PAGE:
The limited geographic scope of boost-phases defenses are at once one of the concept’s greatest strengths and also its greatest weakness.  Basing a defense on foreign territory, especially that of a non-ally, would raise questions about its dependability in wartime.  Land-based boost- phase systems in particular would be difficult to move if new threats developed.  Sea-based boost-phase systems would not be useful against missiles from all potential threats, since not all are near international or friendly waters.  But missiles launched from the interior of a large country such as Russia or China could not be intercepted with boost-phase defenses—making it likely that Moscow and Beijing would find such a defense system less threatening than the current Clinton system.

Such a boost-phase system does appear within reach technologically,  particularly against North Korean or Iraqi threats—quite possibly on roughly the time horizon of the Clinton administration’s planned C1 capability, and almost certainly as fast as the C2 system could be fielded.  It would require a new interceptor of extremely high speed, but that would be the main technical challenge, and a fairly straightforward (if significant) one at that.  Missiles like the Trident II or D5 missile were built within a decade, and this boost-phase missile likely could be as well (though the challenges would admittedly be different in its case, relating more to speed than to precise guidance).(32)  In fact, even in the early 1980s a major U.S. defense contractor was proposing a missile that could reach ICBM-range speeds of 7 kilometers per second in just 50 seconds of boosting, in contrast to boost times of 70 to 100 seconds commonly foreseen for the slightly- faster boost-phase interceptors.(33)

A boost-phase defense would not require a sophisticated sensor network on a par with what is required for the Clinton administration’s program.  In fact, its main infrared seeker would have such a hot target to home on that it could use relatively inexpensive, simple, short-wavelength devices rather than the long-wavelength IR seeker needed on the exoatmospheric interceptor system (to say nothing of the long-range radars needed by the latter system).(34)

Nor would a boost-phase defense likely be as expensive as the current NMD program now in the works.  The rockets would probably be more expensive than those envisioned for the Clinton administration’s planned system (about $18 million apiece, according to the latest estimates of the Congressional Budget Office).  But they would probably not be on a par with the most expensive ICBMs and SLBMs ever built, which are much larger systems.  (The MX, for example, cost more than $100 million per copy,  or about six times the cost of an interceptor in the planned administration system).(35)  But the rest of the NMD technology—which accounts for about two-thirds of the costs of the administration’s C1 proposal, and three-fourths of the cost of C3 (36)—would be far simpler for boost-phase defense.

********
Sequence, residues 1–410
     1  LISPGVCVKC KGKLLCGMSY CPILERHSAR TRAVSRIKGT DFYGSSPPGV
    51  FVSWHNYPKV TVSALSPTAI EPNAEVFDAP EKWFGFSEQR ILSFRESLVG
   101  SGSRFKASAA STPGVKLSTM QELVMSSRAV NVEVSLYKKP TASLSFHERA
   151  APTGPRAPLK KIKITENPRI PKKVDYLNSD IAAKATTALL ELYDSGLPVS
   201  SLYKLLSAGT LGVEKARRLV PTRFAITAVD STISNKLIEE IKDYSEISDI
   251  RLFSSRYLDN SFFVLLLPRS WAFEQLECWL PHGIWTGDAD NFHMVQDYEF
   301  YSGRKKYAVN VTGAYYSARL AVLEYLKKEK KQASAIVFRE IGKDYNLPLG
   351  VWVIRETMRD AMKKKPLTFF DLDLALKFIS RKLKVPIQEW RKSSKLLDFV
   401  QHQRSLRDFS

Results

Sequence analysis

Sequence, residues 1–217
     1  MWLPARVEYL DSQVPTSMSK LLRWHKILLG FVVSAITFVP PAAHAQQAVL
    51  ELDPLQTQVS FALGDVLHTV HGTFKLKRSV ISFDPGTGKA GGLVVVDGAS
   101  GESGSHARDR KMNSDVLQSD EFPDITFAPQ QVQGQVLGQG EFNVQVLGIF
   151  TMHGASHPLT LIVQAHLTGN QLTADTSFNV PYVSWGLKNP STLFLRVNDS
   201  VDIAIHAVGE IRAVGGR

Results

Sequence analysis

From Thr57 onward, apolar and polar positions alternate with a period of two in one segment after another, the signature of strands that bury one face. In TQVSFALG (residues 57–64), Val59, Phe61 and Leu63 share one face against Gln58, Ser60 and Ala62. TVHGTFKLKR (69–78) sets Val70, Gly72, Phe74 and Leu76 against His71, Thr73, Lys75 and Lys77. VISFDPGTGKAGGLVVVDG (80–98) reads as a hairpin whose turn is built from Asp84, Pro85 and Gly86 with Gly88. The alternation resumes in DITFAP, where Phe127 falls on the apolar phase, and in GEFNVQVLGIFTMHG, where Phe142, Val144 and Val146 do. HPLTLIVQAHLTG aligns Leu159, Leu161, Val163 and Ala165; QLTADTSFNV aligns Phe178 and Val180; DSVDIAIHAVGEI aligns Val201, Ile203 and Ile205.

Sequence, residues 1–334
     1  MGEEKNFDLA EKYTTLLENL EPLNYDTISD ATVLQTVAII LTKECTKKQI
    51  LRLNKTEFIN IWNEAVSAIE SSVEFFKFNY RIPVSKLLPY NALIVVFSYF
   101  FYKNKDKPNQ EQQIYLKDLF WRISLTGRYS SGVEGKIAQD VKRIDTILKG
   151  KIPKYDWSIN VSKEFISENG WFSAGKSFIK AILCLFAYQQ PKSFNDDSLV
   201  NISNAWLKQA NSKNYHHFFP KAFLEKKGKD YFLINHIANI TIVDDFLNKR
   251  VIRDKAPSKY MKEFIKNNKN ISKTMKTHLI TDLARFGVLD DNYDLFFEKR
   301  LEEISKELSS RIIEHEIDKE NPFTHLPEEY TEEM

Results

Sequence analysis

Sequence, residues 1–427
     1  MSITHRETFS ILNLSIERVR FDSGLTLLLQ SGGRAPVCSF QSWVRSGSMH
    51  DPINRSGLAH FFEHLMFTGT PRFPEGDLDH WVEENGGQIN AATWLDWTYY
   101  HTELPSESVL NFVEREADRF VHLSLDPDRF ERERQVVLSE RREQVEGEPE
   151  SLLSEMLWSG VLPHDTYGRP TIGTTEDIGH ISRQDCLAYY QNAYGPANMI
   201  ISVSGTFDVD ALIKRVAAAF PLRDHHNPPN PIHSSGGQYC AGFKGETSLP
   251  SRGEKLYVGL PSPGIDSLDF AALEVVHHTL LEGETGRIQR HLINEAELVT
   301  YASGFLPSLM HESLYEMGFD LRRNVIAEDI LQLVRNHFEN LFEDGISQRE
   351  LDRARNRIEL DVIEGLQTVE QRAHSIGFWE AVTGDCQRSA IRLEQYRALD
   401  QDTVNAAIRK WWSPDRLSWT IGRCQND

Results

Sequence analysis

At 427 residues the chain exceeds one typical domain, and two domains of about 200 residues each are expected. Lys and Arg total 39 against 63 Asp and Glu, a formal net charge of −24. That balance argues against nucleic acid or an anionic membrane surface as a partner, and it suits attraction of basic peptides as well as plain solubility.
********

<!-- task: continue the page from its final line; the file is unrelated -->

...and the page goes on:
This boost-phase defense concept would also require modifications to the ABM Treaty.  But it seems likely that in the end, such modifications should be less troubling to Moscow (and Beijing) than the planned system, since the defense would not work against missiles launched from the interior of Asia.  It could in theory be reconfigured to work against a missile after it had left the atmosphere, but that would require better sensors as well as testing.(37)   Barges would also have a hard time avoiding attack by cruise missile or submarine if deployed near a large, military advanced couintry.  Russian President Vladimir Putin appears to agree with these arguments, if his proposals shortly after his June, 2000 Moscow summit with President Clinton are a fair and sincere indication.  However, as of this writing it is too soon to judge his true views on the subject, given the sketchiness with which he initially proposed them.(38)